The Political Economy of Hospice Care: Three Essays About End of Life Care
Mendieta, Maximiliano (author)
Eger, Robert J. (professor co-directing dissertation)
De Haven-Smith, Lance (professor co-directing dissertation)
Losh, Susan C. (university representative)
Weissert, William G. (committee member)
Klay, William Earle (committee member)
School of Public Administration and Policy (degree granting department)
Florida State University (degree granting institution)
Vast, but disparate, literatures study hospice care, but none explains how government policy affects the dying experience of terminally ill patients and their families. This topic is of the utmost significance as there are important unanswered questions that fall under the purview of public administration, and may be in conflict with its principles of truth, efficiency, effectiveness and equity. This dissertation is formatted as three related essays in the area of hospice care. The first essay informs government policy in end-of-life care with insights from government policy in child care. The methodology consists of trend analysis in order to better understand the elder care choices of adult children who have elderly parents or relatives that need hospice care. The methodology is focused on married households and the data was extracted from the Current Population Survey (CPS). The study finds that married households in the middle income bracket are less likely to bring their elderly relatives into their homes as long as the Medicare hospice benefit remains a viable alternative to the demands that hospice care at home may impose on household income and in labor participation. Trend analysis of median household income and Child and Dependent Tax Credit demonstrate that the tax code can be an effective tool in promoting hospice care at home. The second essay studies how the Medicare Hospice Program affects the financial viability of the hospice organization, and in turn, affects the survival of terminally ill patients. The methodology consists of Panel-Corrected Standard Errors regression technique and focuses on the organizational effects rather than on the individual effects on length of stay. The study finds that the liquidity of the hospice organization and investment in human capital in the form of nurses influence how long a patient stays in hospice care. The assessment of the hospice organization's financial health is a novel development as well as beachhead for extending the theory of non-profit financial management into hospice care. The third and final essay analyzes whether government policy on aging has an effect on the distribution of firms, non-profit or for-profit, offering hospice care. The essay analyzes hospice care organizations from a population ecology perspective and tests a resource-partitioning model in order to explain the interorganizational relationships between generalist and specialist organizations. The methodology applied is fixed effects regression and the essay links the resources in the environment with the organization and patient outcomes. The study finds that the age of the generalist form of hospice organization providing core services increases the length of stay. This finding runs counter to the literature that promotes dying at home as the way to increase survival time during hospice care. The three essays share the goal of better understanding the effect that Medicare hospice policy has on the end of life. The end outcome of the essays show that government policy in the form of the Medicare hospice benefit may in fact undermine the hospice care philosophy or self-determination and dying in our own terms. This dissertation is the first to consider that government policy in the form of hospice care may have evolved into a health program that counters rather than supports the axioms of the hospice philosophy.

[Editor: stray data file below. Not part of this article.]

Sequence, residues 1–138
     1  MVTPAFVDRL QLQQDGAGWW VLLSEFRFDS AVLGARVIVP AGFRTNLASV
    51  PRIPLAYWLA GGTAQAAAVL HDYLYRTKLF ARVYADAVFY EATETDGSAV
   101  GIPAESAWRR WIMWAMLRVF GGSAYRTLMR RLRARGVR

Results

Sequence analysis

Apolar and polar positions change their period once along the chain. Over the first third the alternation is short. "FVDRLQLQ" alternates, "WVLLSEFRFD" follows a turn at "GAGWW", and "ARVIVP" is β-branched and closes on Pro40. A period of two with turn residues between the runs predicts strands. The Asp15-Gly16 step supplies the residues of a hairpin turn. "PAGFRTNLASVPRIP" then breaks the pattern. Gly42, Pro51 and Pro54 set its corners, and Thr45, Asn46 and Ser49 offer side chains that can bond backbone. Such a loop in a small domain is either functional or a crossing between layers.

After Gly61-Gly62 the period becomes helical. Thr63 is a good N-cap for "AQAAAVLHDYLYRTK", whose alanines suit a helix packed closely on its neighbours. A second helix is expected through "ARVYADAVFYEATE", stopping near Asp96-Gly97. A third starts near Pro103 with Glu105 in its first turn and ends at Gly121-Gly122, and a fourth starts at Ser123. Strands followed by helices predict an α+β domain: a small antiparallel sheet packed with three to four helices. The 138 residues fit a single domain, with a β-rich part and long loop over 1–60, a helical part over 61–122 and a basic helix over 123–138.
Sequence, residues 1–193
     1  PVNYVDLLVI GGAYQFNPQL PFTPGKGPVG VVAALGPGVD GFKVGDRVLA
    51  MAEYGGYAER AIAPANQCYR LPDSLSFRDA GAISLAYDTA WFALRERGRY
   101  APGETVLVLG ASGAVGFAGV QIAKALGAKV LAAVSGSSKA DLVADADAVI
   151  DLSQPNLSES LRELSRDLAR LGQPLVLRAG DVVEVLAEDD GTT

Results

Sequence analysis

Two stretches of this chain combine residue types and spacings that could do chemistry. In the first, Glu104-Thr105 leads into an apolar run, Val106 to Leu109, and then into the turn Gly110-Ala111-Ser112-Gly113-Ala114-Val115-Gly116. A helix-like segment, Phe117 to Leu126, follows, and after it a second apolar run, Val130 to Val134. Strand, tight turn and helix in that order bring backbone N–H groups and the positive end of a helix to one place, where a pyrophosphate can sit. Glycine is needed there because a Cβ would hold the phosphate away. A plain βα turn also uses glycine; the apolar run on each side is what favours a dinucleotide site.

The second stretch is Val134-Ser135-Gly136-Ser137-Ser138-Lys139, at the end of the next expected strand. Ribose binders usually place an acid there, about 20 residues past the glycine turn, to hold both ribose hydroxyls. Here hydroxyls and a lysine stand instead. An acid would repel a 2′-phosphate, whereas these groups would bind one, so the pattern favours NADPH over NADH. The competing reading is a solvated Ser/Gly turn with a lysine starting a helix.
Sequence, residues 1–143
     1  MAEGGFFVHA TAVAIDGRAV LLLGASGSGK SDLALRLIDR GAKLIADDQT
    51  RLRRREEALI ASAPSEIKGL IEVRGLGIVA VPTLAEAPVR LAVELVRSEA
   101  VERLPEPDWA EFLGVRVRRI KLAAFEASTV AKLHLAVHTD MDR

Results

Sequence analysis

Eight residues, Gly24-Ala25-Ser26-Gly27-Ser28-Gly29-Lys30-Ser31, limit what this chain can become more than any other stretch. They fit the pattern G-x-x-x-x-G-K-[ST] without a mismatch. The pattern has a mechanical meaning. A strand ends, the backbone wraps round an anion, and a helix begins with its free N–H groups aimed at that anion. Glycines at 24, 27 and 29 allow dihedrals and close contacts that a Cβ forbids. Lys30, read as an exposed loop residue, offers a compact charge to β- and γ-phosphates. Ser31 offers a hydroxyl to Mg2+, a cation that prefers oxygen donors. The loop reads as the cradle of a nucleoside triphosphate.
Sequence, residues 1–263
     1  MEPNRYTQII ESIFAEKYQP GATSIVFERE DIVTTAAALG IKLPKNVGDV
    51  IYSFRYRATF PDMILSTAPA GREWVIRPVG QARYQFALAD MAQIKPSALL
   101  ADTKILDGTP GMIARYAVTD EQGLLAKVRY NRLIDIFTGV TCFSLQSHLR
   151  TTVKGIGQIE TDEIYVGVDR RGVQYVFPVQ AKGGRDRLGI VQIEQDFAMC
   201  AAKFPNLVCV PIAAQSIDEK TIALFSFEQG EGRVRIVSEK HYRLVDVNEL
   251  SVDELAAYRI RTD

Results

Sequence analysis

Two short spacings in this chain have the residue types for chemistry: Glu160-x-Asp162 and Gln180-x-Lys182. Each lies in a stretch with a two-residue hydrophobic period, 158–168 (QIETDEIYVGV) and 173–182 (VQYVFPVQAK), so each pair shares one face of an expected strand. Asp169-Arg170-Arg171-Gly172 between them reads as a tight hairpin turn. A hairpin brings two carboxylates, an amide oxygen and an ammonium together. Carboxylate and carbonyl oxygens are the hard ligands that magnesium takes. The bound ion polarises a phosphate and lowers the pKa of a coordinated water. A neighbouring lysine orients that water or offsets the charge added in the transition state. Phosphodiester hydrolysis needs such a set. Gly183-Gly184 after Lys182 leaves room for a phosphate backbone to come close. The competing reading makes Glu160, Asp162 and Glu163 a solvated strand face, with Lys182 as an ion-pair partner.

Financial Management, Hospice, Lenght of stay, Nonprofit, Political Economy, Resource Partitioning
March 6, 2013.
A Dissertation submitted to the Reubin O' D. Askew School of Public Administration and Policy in partial fulfillment of the Requirements for the degree of Doctor of Philosophy.
Includes bibliographical references.
Robert J. Eger, III, Professor Co-Directing Dissertation; Lance de Haven-Smith, Professor Co-Directing Dissertation; Susan C. Losh, University Representative; William G. Weissert, Committee Member; William Earle Klay, Committee Member.
Florida State University
This Item is protected by copyright and/or related rights. You are free to use this Item in any way that is permitted by the copyright and related rights legislation that applies to your use. For other uses you need to obtain permission from the rights-holder(s). The copyright in theses and dissertations completed at Florida State University is held by the students who author them.